Dairymen scale up to survive

DAIRY-ONLY farms now need to produce more than one million litres of milk per year to remain viable, according to Neil Blackburn at Kite Consulting.

The finding is based on a survey of Kite clients, which showed that dairy farmers have increased their herd sizes and ramped up milk production over the past three years.

The average farm has added 31 animals to its dairy herd in the 36 months to September, boosting annual production by 370,000 litres.

The top 10% of farms surveyed have put on an extra 26 animals since Sept 2002, pushing them to an average of 212 head producing over 2m litres each year.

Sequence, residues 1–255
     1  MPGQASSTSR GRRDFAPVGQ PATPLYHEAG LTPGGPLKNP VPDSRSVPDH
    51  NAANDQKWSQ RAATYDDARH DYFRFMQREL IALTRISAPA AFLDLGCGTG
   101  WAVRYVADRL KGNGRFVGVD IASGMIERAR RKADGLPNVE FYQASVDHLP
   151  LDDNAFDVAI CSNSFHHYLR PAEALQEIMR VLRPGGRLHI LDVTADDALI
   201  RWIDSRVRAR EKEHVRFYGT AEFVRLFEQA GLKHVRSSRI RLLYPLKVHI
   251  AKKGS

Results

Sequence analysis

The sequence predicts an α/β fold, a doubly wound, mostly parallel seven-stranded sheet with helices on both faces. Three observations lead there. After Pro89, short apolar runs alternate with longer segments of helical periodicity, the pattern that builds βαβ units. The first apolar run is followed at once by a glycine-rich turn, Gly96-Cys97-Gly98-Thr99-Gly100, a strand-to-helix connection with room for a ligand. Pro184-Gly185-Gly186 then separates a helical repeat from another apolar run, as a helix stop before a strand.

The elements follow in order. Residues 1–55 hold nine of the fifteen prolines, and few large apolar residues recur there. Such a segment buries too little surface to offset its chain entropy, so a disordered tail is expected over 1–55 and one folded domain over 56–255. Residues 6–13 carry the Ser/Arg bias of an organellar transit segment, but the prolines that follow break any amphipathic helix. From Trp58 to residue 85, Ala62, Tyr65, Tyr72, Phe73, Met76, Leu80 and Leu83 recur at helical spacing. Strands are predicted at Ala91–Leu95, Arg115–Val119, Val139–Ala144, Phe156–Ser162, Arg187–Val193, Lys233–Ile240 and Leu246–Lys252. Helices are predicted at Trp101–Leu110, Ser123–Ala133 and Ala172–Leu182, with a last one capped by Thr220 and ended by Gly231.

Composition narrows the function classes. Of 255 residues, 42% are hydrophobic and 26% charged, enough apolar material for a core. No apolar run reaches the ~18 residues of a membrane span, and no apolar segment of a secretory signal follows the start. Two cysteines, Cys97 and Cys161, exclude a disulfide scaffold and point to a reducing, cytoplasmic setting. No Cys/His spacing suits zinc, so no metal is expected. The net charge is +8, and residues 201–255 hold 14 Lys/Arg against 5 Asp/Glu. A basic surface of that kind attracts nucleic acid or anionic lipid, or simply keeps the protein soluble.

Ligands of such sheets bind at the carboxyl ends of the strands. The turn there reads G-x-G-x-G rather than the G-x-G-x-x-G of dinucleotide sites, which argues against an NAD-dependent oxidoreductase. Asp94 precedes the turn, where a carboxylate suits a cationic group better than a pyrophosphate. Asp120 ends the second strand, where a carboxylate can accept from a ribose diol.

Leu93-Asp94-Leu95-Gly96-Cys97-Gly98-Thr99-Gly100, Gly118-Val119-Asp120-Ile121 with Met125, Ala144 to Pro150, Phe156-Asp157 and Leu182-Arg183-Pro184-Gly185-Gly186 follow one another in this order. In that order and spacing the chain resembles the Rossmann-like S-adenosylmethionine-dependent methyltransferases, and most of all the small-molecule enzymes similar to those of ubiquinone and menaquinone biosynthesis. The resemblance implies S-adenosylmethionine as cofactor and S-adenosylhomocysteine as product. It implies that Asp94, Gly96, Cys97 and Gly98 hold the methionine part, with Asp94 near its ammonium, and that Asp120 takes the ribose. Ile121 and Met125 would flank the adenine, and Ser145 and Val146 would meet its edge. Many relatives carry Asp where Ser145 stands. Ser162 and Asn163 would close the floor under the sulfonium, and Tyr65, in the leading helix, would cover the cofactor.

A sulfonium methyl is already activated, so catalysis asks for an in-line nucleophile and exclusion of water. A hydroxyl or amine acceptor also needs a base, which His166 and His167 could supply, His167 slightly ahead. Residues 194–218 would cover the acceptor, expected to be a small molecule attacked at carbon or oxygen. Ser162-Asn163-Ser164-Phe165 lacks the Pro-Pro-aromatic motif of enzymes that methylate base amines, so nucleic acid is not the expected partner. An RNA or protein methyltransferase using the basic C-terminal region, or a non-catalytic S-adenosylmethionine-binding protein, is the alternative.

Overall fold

Average herds generate a margin after feed of almost £230,000 – up by £23,000 on 2003 and by £51,000 since 2001. This works out at an average margin of nearly 15p/litre.

But top 10% performers make almost a penny more per litre from a £332,000 margin after feed purchased.

Farmers‘ profit margins after all other costs have been deducted are not published by Kite, to protect their interests from rapacious buyers.

But Mr Blackburn said that profit per litre ranged from a loss in some cases to a gain which “does not reflect the effort needed” to produce the milk in others.

“If you want to maintain profits, you‘ve got to be focused on the margins,” he said.

“With many farms being unable to cut costs further, the only recourse is to produce more milk.

“The indication from our figures is that the big farms are doing this and are continuing to expand.”

There has been little quota trading since Christmas, but a thin market has seen prices for leased 4% quota rise to around 6.9p/litre.

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